Considering Principal Components of a Digital Culture

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Participation, Remediation, Bricolage: Considering Principal Components of a Digital Culture by Mark Deuze

Within media theory the worldwide shift from a 19th-century print culture via a 20th-century electronic culture to a 21st-century digital culture is well documented. In this essay the emergence of a digital culture as amplified and accelerated by the popularity of networked computers, multiple-user software, and Internet is investigated in terms of its principal components. A digital culture as an underdetermined praxis is conceptualized as consisting of participation, remediation, and bricolage. Using the literature on presumably “typical” Internet phenomena such as the worldwide proliferation of independent media centers (indymedia) linked with (radical) online journalism practices and the popularity of (individual and group) weblogging, the various meanings and implications of this particular understanding of digital culture are explored. In the context of this essay, digital culture can be seen as an emerging set of values, practices, and expectations regarding the way people (should) act and interact within the contemporary network society. This digital culture has emergent properties with roots in both online and offline phenomena, with links to trends and developments predating the World Wide Web, yet having an immediate impact and particularly changing the ways in which we use and give meaning to living in an increasingly interconnected, always on(line) environment.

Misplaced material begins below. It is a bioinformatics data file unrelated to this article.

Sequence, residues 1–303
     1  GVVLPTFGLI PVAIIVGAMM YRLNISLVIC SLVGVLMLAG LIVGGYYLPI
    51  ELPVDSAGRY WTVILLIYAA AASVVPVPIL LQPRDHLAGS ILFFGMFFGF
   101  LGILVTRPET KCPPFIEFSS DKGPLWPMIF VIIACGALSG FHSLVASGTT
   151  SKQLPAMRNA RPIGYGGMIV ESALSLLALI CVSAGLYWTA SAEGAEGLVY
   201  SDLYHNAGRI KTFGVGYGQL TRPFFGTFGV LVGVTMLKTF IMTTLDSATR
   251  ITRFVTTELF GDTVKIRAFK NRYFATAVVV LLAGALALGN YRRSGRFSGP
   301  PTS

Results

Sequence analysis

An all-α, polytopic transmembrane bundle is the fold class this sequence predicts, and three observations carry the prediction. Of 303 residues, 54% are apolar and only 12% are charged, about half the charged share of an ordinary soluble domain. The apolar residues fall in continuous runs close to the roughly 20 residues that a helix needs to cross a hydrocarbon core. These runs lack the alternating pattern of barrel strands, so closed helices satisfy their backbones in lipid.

The Information Society, 22: 63–75, 2006 ISSN: 0197-2243 print / 1087-6537 online DOI: 10.1080/01972240600567170